Rachel’s various interests lie in the travel, media, clean energy and healthcare sectors. As a journalist, she has specialised in covering large private equity transactions and M&A deals, including deals executed by the buy-out firms such as 3i, BC Partners, Bain Capital, Blackstone Group and KKR to name a few. Rachel has also worked on numerous high profile deals, including the Kraft takeover of Cadbury, the British Airways merger with Iberia, and the Newscorp stake in BSKYB.She has written articles for Sunday Business, Breaking Views, Media Week, Financial News, and appeared on CNBC.
Rachel is a qualified PADI Dive Master and holds a liberal arts degree in European History from Smith College, Massachusetts.
Latest posts by Rachel Rigby (see all)
- Golf, the City style: no experience necessary! - 15 Sep 2016
- Yoga for Refugees evening brings London City to the matt - 14 Jul 2016
- Peter Sayburn: I look for people with ambitious concepts - 27 May 2016
It certainly was on International Yoga day at Lindley Hall. More than one hundred yoga enthusiasts, – yogi (as Finbuzz likes to call them) stretched their limbs to Jivamukti style yoga, across the massive hall, all in support of charity.
They moved in synch on their yoga matts, to soothing music by producer, Amir Amor of Rudimental. The feeling of complete zen permeated the vast hall, which was decked in colourful flowers to mark the occasion.
The evening was organised by Ourmala, a London based charity focused on helping Refugees. The magical YOGA FOR REFUGEES event was held to raise funds in order that Ourmala, www.ourmala.com, can support an additional 250 women and children in crisis.
As part of Refugee Week 2016, Ourmala invited yoga instructor Emma Henry to lead the class. After Emma’s 2 hour invigorating yoga session, yogis sat on their matts to socialise and tuck into sushi sponsored by Itsu, washed down by coconut water from Vita Coco.
The chatting only stopped when enough speeches were given at the end of the evening and raffle results announced.
Emily Brett, CEO of Ourmala, described how she had found her life’s calling in helping refugee women and children.
“I realised the moment I started working to help refugees that this was my calling. We can never imagine the traumatic events that some refugees have experienced. To be able to help them get their lives back is extremely rewarding from a humanitarian perspective. ” #
Flora Wilke, a PR professional at EY was happy to participate in the yoga and said, “I feel that being part of an event that helps people unite and integrate, fulfils our purpose. In a world where there is so much disruption it’s important to remember values. I particularly like the yoga aspect as it brings unity of the body, spirit and soul.”
The HBF is a human rights charity based in London that works with Ourmala to help refugees. Founded by Helen Bamber in 2005 it provides therapeutic care, medical consultation, legal protection and practical support to survivors of human rights violations.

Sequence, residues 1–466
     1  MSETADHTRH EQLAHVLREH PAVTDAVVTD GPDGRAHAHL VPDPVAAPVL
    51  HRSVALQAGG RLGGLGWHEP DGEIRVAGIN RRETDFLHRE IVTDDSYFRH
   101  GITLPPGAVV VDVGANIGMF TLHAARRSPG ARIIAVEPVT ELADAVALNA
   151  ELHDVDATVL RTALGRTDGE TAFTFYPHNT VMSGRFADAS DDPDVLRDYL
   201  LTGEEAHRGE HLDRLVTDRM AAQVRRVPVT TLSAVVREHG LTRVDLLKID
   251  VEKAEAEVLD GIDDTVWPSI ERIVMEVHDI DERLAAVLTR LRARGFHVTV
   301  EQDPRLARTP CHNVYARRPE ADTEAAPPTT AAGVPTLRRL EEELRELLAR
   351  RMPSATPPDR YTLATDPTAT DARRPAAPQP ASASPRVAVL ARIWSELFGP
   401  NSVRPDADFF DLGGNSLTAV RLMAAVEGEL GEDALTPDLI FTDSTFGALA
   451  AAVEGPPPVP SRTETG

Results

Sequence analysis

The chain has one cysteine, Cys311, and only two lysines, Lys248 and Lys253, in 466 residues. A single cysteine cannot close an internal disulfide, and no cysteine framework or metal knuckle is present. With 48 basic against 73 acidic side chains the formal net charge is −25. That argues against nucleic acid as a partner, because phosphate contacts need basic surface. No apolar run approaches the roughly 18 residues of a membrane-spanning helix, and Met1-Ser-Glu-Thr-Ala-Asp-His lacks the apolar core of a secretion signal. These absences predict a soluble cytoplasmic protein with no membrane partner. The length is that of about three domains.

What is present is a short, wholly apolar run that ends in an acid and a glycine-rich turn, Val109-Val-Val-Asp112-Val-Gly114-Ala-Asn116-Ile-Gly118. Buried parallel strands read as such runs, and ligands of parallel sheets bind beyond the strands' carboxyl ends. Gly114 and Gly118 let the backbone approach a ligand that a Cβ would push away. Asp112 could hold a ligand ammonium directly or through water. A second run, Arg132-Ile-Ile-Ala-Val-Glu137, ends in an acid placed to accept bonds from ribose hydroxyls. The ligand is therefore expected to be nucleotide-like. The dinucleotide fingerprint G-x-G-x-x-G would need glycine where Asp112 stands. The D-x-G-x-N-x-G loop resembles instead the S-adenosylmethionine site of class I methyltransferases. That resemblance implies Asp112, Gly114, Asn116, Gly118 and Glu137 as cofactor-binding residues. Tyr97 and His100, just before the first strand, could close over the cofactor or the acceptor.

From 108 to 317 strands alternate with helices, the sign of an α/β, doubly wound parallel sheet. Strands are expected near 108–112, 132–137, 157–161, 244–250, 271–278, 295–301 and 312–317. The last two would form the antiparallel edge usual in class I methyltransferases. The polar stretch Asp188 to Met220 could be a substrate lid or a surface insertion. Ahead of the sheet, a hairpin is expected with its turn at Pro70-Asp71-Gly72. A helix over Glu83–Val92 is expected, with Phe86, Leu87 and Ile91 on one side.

Jeff Green, the CEO of GP Corporate Finance, and one of the sponsors of the event said. “I have a company that puts women on boards http://balancedboards.net. I believe in helping women in all ways I can. Yoga deeply empowers women and so I am happy to support this cause and women in need.”
Yoga deeply empowers women and so I am happy to support this cause and women in need.
Nicole Odafe, is a refugee from Nigeria, and part of the Helen Bamber Foundation (HBF) since 2009. Nicole said, “After going through such rough patches in my life if was hard to regain trust in people. Seeking asylum wasn’t easy, you never knew where you would spend the night, where you would be next. If it wasn’t for various organisations such as Ourmala and the Helen Bamber Foundation, I don’t know what I would have done. I think tonight is a great event. Yoga is used as a treatment for inner well being and helped me find some inner stability and help with anxiety, which came from my past traumatic life. I now have a wonderful husband and am a happy mother of two, things have worked out well for me. ”
Heather Mason, the founder of the Minded institute, was also a sponsor of the event. “Because we work with the implementation of yoga therapy and mindfulness programmes for mental health it is extremely appropriate for us to work with Ourmala. Partnered with Ourmala, we can show how yoga can impact people with post traumatic stress disorder. Ourmala provides a vital service to refugees because even though the government provides housing and finance for the refugees, we still need to give them well being and community support.
David Haigh, a management consultant, was on the sidelines of the yoga floor. “I believe in refugees being welcomed so I am here despite not wanting to participate in the yoga. London has always had a big immigrant population. We need that going forward and charity’s like Ourmala, expedite the introduction to the British values. ”